Dr Dipak Samantrai

Lord Wavell, Viceroy of India, was paying hurricane visits to Odisha School of Engineering which subsequently became Bhubanananda Odisha School of Engineering to during the World War II time to supervise war efforts. This institute trained more than 1000 “War Technicians” and was at the centre of war efforts in the eastern zone.

Popularly known as BOSE, it was created by the then Government of Bihar and Odisha. When Bihar School of Engineering was elevated to the status of a college, Odisha School of Engineering came up as the sole technical institute of the region. Prior to this, students of Odisha used to travel to Bihar for technical education.

Located on the southern side of River Mahanadi, near Jobra barrage, it was spread over an area of 44 acres. The sprawling campus had the main institution, laboratories, library, separate hostels for boys and girls and staff quarters. It shared space with Biju Patnaik Film and Television Institute of Orissa. It also had a lush green playground, maintained by a local club, Union Sporting Club. The playground was a witness to many important sports events and matches.

Now BOSE has been squeezed to 11acres of land. The rest of the land is being used for the upgradation of the SCB Medical College and Hospital.” We don’t have a field to practice cricket now which we used to everyday” rues Babali Tripathy, a MBBS student.

Hrushikesh Mohanty, the Principal, assures us that the heritage building of the Institute is not going to be affected in any way. From ninteen hundred and twenty-three to twenty twenty-three, it has been a glorious and eventful one hundred years for Bhubanananda Odisha School of Engineering. A singular achievement which deserves a befitting celebration, definitelyThe plans for it are not yet finalised.The Principal says, “We have written to the government. We shall plan out the celebrations after getting the approval”.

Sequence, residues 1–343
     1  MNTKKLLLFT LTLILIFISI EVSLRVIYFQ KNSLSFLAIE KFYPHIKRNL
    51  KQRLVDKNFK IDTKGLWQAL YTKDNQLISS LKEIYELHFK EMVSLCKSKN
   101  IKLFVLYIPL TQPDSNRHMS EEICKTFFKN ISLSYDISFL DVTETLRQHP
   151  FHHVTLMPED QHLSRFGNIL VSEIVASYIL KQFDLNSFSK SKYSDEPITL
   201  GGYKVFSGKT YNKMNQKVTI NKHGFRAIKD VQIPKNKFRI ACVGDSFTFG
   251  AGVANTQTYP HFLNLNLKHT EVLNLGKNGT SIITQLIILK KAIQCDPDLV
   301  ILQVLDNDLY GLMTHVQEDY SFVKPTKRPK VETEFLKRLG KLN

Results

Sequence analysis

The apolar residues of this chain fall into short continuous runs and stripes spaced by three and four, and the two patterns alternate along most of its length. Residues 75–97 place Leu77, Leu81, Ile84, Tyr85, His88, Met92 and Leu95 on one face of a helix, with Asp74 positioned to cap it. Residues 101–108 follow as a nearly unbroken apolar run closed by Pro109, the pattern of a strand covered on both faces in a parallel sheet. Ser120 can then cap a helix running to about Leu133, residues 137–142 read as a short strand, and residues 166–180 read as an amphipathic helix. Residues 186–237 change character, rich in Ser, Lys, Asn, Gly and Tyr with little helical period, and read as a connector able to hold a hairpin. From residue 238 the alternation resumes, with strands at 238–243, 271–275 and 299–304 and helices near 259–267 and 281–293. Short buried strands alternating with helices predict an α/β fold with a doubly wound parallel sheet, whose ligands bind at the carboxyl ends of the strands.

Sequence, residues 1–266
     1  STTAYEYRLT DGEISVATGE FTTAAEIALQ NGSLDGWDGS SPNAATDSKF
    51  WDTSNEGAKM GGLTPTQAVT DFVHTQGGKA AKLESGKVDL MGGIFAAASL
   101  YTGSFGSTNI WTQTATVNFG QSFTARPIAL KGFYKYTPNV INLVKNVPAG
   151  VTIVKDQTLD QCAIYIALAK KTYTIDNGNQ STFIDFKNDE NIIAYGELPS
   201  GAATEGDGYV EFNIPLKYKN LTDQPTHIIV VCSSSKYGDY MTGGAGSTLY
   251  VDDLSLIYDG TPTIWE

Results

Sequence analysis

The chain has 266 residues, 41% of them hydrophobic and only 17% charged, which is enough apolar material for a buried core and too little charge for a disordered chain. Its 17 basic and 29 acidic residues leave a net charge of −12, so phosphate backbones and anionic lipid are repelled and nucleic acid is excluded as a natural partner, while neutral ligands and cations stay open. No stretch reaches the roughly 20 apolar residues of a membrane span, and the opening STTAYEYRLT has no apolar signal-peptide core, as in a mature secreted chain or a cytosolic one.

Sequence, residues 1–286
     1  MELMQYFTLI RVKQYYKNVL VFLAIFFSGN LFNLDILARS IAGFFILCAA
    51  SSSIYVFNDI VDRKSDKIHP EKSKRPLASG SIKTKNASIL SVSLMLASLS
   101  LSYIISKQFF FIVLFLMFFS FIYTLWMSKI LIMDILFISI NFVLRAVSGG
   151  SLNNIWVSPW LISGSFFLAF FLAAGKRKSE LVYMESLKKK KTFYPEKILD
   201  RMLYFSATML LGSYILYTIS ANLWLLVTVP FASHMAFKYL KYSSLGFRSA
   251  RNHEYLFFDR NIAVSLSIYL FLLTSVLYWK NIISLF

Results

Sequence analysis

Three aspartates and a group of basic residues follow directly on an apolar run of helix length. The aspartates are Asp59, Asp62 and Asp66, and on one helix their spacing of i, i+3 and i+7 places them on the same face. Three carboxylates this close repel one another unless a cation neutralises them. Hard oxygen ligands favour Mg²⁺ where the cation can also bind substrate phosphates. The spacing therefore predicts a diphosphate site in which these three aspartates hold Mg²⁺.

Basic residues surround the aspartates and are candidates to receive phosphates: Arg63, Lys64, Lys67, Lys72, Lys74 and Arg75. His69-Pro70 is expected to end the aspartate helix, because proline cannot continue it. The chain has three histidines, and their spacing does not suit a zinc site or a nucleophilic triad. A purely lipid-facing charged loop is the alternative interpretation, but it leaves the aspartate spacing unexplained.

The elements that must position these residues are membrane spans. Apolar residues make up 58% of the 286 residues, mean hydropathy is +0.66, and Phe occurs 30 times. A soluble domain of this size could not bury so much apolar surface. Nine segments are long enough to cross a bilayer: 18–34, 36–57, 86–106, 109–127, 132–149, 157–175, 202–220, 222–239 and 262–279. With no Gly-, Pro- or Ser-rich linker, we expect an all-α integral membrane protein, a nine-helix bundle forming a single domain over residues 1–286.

Cut to the Past
Odisha School of Engineering became Bhubanananda Odisha School of Engineering to honour an iconic Engineer Politician and Philanthropist of the State. Bhubanananda was the twin brother of the famous legal luminary, Bichitrananda Das (Swamiji).

After getting his degree from Shivapur Engineering College, he went to England on a scholarship. There Bhubanananda was awarded a degree in Electrical and Mechanical Engineering by Glasgow University. Served London Tramways for a year. After returning to the country, he did a brief stint with Bombay Tramways then, he decided to go on his own. He established many electricity companies including one each at Rajkot Sikharpur and Puri. He was a Consultant to Tata, Birla and many others.

He went to London a number of times to present the views of Odisha so far as the contested claims over borders were concerned before the Joint Parliamentary Committee. For 35 years he represented Odisha in the Viceroy’s Council. His generosity and open-hearted hospitality to everyone from his home state ensured that he didn’t have any savings. But he was respected as the “Father of Parliament” for his decade-long presence there. He was the Chairman of the Public Accounts Committee and known for his forthright views. His views facilitated the establishment of the multipurpose Hirakud Dam and checked wasteful expenditure on it as well.